Spotlight
Family Court Practice, The
Order the 2021 edition due out in May
Court of Protection Practice 2021
'Court of Protection Practice goes from strength to strength, having...
Jackson's Matrimonial Finance Tenth Edition
Jackson's Matrimonial Finance is an authoritative specialist text...
Spotlight
Latest articles
Disabled women more than twice as likely to experience domestic abuse
The latest data from the Office of National Statistics shows that, in the year ending March 2020, around 1 in 7 (14.3%) disabled people aged 16 to 59 years experienced any form of domestic abuse in...
The President of the Family Division endorses Public Law Working Group report
The Courts and Tribunals Judiciary has published a message from the President of the Family Division, Sir Andrew McFarlane, in which the President endorses the publication of the President’s...
HMCTS updates online divorce services guidance
HM Courts and Tribunals Service have recently updated the online divorce services guidance with the addition of guides for deemed and dispensed service applications, alternative service...
Become the new General Editor of The Family Court Practice, the definitive word on family law and procedure
The Family Court Practice (‘The Red Book’) is widely acknowledged as the leading court reference work for all family practitioners and the judiciary. We are currently recruiting a...
The suspension, during lockdown, of prison visits for children: was it lawful?
Jake Richards, 9 Gough ChambersThis article argues that the suspension on prison visits during this period and the deficiency of measures to mitigate the impact of this on family life and to protect...
View all articles
Authors

Same sex marriage in Northern Ireland… finally?

Jul 18, 2019, 10:05 AM
same sex marriage, Northern Ireland
Slug :
Meta Title : Same sex marriage in Northern Ireland… finally?
Meta Keywords :
Canonical URL :
Trending Article : Yes
Prioritise In Trending Articles : Yes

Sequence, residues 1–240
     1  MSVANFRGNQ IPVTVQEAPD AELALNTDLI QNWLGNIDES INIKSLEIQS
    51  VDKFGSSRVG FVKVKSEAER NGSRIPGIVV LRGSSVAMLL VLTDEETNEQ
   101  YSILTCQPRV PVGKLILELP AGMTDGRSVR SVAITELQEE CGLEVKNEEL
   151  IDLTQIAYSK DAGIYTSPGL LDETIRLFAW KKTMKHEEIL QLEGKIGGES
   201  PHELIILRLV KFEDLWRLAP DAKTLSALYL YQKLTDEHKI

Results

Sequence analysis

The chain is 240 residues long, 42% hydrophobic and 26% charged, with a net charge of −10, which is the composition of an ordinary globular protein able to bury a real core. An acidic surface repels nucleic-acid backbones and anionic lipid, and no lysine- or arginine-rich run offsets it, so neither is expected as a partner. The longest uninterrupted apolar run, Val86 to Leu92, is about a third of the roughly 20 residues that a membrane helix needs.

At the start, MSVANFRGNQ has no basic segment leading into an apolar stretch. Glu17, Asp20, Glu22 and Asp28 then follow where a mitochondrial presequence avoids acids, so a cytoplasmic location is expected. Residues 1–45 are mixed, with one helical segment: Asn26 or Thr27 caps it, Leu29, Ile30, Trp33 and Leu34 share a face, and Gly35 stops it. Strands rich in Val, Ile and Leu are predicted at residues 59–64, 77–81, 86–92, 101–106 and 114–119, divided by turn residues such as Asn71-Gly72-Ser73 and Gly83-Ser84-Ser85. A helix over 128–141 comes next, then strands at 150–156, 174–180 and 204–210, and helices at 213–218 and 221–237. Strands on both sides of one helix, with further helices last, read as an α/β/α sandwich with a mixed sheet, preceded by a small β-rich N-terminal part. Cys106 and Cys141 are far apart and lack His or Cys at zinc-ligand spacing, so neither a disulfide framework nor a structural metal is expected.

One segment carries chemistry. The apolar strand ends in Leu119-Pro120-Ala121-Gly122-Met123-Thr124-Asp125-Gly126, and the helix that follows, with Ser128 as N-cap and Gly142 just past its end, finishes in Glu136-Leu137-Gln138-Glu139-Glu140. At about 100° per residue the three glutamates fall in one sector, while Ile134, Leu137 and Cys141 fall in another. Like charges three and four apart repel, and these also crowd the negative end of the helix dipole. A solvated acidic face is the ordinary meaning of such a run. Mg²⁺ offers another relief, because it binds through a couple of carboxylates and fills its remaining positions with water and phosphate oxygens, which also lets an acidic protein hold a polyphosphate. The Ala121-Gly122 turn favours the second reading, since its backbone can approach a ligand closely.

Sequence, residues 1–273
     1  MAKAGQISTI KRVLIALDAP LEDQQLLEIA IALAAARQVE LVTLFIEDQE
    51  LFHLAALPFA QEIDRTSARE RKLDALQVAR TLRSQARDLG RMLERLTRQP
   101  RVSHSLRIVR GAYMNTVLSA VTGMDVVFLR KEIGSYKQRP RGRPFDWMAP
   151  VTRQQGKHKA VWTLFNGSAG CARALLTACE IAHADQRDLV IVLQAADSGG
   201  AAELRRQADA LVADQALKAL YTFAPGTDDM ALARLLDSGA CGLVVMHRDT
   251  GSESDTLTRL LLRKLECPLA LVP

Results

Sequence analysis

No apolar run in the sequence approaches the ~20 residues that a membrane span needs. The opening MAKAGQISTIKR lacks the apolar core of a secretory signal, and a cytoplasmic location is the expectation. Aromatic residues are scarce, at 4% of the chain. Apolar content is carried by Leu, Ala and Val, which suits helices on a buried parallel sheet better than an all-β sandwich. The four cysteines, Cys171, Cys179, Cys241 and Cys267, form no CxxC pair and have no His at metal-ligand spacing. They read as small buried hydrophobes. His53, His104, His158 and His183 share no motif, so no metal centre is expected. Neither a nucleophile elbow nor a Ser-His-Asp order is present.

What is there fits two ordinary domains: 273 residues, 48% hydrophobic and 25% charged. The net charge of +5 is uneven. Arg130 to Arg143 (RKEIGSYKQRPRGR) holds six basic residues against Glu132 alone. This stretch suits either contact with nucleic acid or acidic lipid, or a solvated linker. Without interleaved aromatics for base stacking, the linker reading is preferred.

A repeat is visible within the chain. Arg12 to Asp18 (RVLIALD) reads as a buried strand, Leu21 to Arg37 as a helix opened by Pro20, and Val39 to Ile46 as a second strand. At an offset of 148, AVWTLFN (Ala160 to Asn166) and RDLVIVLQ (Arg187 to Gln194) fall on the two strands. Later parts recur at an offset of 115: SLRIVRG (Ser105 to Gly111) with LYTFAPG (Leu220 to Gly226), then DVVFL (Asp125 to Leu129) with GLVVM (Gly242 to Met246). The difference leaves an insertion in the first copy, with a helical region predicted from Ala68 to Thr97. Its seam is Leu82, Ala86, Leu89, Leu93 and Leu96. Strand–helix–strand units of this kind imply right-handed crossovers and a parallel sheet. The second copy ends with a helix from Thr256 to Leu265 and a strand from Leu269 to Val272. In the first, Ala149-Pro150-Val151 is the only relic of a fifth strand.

Date : Jul 18, 2019, 10:02 AM
Article ID :

The House of Commons last week voted in favour of permitting same-sex marriage in Northern Ireland, with 383 MPs voting in favour and 73 against the proposed change. Northern Ireland is the only remaining part of the UK that does not permit same-sex marriage; the law was changed in England & Wales in July 2013, and the changes came into force in March 2014. In Scotland the law was changed in February 2014 and came into force in December of the same year. The Republic of Ireland has allowed same-sex marriage since May 2015 following a referendum, making it the only country in the world to make the change to the law by a public vote.

However, in the case of Northern Ireland, the constitutional background to the vote itself and how this affects the next steps for same-sex marriage there should not be overlooked; the vote and its outcome have wider political significance.

The question of same sex marriage would ordinarily be a matter for the Northern Ireland Assembly as it is covered by devolved power. Yet the collapse of the power-sharing agreement between the DUP and Sinn Fein back in January 2017 means that devolution is effectively suspended. If devolution is not restored by 21 October of this year then the government is compelled to make the necessary changes to the law to permit same-sex marriage in Northern Ireland. On that basis, same-sex marriage is not yet permitted in Northern Ireland but its political climate – with the DUP opposing same-sex marriage and Sinn Fein supporting it – means the restoration of devolution and therefore a derailing of the path towards same-sex marriage seem unlikely.

The progress made through Parliament needs to be seen in a wider context. There was a challenge to the ban on same-sex marriage brought in Northern Ireland in 2015. The case raised fundamental questions of human rights and access to relationship status for same-sex couples in Northern Ireland. The arguments in favour were rejected by the Court on this occasion.  The issue of access to relationship status was said to be a political one not a judicial one. This year’s Reith Lecturer , Jonathan Sumption, Formerly of the UK Supreme Court, made the same point and suggested in his lecture series that law was being expanded by judges too far and it needed to be limited. In the case of same-sex marriage in Northern Ireland this is/was disappointing when law reform had occurred previously in other parts of the UK.

If devolution has not been restored by 21 October, no further vote in the House of Commons would be necessary for the change in the law to take place. The Bill required to implement the change to the law would need approval in the House of Lords but given the strength of support shown in the House of Commons, any significant opposition would be unexpected. 

Categories :
  • Articles
Tags :
  • equal marriage
  • northern ireland
  • Same sex marriage
Provider :
Product Bucket : Same Sex
Load more comments
Comment by from